Our political system seems to only want to give lip service to this invisible epidemic and, like so many other programs, pushes it off on other generations to pay for and deal with.


See…I’m starting to get riled up here aren’t I?  This is a very serious issue that is going to continue to define our society and our country and yet there doesn’t seem to be serious and significant attention paid to not only teaching children on the spectrum how to function in society—but teaching society how to function and relate to those on the spectrum.

If our political leaders don’t start paying attention to this serious issue—they need to be voted out of office.  If they aren’t concerned about the growing number of children, teens, and adults on the spectrum, then they are not doing their job.

Are you scared now?  Good, you should be.  You NEED to be scared.  Not in a way that will cause you to throw your hands up and just give up—in a way that says, “We need to band together, we need to make a difference in our families, in our communities, in our political system!”

What’s the great line from the classic movie, Network…”I’m as mad as hell and I’m not going to take it anymore.”  That’s how I feel…that’s how you should feel.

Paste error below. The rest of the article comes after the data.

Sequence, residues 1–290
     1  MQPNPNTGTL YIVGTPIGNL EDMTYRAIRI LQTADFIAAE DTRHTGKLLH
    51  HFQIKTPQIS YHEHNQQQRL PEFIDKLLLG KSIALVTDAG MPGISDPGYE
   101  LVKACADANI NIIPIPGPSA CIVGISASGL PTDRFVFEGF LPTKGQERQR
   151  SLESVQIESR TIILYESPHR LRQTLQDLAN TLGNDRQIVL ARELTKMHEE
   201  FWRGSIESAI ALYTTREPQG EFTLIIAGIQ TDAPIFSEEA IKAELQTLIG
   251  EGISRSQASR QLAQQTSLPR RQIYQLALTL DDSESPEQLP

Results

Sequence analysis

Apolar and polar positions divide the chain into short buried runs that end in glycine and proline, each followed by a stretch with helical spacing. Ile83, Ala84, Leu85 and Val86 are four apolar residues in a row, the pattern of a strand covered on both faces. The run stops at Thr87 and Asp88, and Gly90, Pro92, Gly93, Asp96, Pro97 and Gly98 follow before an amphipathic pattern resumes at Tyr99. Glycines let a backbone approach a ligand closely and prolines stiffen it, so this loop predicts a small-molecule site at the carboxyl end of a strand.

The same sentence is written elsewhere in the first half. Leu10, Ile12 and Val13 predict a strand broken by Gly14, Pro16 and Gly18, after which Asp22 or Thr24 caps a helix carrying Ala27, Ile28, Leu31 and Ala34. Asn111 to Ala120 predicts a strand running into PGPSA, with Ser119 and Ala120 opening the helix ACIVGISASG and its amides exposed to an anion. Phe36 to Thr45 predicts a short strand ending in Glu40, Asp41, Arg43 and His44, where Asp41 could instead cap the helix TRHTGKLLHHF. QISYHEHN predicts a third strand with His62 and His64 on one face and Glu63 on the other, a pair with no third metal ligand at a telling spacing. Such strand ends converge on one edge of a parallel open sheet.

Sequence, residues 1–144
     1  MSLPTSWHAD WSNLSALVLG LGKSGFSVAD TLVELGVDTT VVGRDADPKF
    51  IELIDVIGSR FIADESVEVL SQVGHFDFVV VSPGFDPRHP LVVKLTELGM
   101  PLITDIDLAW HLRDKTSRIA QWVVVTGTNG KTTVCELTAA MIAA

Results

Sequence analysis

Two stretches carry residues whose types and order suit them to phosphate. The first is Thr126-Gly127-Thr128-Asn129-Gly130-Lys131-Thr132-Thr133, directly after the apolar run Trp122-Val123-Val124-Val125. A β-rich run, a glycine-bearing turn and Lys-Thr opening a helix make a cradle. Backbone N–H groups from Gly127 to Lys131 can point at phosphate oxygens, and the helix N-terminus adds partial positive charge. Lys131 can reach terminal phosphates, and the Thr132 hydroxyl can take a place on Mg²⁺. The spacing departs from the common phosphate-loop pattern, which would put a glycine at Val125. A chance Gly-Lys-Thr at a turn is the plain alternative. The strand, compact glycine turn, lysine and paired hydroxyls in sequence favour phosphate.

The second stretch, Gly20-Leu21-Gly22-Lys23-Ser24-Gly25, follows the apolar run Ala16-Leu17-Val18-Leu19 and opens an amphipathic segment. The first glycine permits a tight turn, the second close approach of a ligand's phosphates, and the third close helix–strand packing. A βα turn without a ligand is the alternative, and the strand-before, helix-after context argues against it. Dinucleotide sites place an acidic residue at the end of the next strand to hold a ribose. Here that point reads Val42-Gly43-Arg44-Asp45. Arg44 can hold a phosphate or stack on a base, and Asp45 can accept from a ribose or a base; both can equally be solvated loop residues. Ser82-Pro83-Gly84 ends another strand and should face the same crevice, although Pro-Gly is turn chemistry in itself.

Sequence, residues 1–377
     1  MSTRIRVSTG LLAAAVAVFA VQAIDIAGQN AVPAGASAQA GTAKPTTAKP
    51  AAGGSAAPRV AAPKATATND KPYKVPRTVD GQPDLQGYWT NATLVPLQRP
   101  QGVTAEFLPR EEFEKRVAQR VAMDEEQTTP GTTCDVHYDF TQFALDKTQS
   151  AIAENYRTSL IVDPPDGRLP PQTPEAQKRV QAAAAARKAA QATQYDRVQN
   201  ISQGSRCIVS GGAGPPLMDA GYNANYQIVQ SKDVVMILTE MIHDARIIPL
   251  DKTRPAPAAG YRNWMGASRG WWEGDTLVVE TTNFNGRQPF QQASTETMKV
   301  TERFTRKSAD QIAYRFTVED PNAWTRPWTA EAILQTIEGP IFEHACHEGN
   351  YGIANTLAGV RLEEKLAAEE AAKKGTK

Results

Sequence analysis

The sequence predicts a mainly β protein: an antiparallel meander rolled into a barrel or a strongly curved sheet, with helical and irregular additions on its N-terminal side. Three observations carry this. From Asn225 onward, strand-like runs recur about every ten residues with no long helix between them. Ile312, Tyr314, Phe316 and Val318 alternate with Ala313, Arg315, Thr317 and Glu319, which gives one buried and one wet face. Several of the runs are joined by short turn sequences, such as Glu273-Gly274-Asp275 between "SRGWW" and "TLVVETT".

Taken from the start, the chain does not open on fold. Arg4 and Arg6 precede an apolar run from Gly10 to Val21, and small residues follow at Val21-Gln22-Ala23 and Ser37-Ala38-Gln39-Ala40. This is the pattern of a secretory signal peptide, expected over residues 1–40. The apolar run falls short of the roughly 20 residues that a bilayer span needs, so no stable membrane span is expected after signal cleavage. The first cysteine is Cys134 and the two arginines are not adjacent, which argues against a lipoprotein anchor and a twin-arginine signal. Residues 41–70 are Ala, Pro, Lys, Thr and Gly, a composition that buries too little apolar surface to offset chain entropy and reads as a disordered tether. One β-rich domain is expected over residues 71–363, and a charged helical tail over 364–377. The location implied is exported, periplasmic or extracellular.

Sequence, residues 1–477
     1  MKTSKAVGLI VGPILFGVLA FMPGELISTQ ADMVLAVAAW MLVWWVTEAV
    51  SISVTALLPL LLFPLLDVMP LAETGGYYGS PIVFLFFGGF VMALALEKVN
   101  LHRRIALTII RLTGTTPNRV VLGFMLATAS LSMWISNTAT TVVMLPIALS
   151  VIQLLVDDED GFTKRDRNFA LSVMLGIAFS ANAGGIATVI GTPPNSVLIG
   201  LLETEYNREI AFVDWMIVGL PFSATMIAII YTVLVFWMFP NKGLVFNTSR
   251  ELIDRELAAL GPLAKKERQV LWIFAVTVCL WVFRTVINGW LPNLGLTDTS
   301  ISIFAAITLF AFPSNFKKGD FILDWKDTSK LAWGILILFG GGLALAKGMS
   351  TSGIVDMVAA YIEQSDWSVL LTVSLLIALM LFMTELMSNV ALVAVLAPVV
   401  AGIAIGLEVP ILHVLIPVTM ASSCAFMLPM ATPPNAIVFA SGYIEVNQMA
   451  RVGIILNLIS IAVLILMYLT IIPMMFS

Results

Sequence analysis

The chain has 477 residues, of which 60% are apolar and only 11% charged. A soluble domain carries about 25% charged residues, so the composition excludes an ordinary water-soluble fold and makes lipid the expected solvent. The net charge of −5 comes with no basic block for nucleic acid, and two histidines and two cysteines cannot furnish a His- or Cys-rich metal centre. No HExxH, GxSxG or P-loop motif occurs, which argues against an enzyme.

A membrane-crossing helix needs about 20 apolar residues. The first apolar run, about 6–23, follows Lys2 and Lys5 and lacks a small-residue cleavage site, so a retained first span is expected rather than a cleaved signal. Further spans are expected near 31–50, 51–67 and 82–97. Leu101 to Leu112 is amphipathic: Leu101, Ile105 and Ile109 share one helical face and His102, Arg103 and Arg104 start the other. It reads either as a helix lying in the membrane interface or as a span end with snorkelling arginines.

We must address educating and teaching our children on the spectrum to relate and function in society.  We must educate and teach businesses, employer, “typical” people how to function and relate to children on the spectrum.

Being scared is okay.  Being scared and doing nothing about it—or expecting our government to solve our problems for us without our input and help—is NOT okay.

Fathers…mothers…family members…friends…people…join be in my fear but don’t be paralyzed by fear.  We can grieve, mourn, be mad, scared…but we still must move forward and do whatever is best for your family, your marriage, your community and especially your child with autism.

That’s just a bit of what keeps me up at night.